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Hoffmann, R. A wiki for the life sciences where authorship matters. Nature Genetics (2008)

A novel nucleoskeletal-like protein located at the nuclear periphery is required for the life cycle of Saccharomyces cerevisiae.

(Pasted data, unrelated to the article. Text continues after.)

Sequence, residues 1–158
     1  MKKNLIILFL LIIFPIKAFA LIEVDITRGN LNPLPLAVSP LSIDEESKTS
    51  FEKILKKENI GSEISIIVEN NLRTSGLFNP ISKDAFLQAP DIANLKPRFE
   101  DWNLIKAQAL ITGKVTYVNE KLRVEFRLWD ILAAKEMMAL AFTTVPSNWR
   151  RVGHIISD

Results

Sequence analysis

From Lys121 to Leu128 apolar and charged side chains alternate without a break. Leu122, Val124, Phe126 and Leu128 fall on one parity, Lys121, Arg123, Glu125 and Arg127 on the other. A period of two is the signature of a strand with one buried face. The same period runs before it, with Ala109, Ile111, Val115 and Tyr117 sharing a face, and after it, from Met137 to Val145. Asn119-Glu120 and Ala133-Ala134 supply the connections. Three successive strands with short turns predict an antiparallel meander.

In order to study the role of nucleoskeletal components for nuclear and cell division in the budding yeast Saccharomyces cerevisiae, we have employed a combined biochemical/genetic approach. We have identified a peripheral nuclear protein which appears to be located both at the nuclear membrane and the spindle pole body. The gene has been cloned and subsequently shown to be essential for cell growth. The DNA sequence of the gene has been determined. As deduced from the nucleotide sequence, the gene potentially codes for a novel 86 kd protein with a highly repetitive and conserved nine amino acid sequence motive in the middle part of the protein. The flanking amino- and carboxy-terminal regions have similarities to intermediate filaments and calcium binding proteins, respectively. It appears that the 86 kd protein is a regulated nucleoskeletal-like protein (NSP1) involved in the process of nuclear and/or cell division. The affinity-purified antibody against the yeast NSP1 protein stained the nucleus and centrosomes of mammalian MDCK (Madin Darby canine kidney) cells in indirect immunofluorescence.[1]


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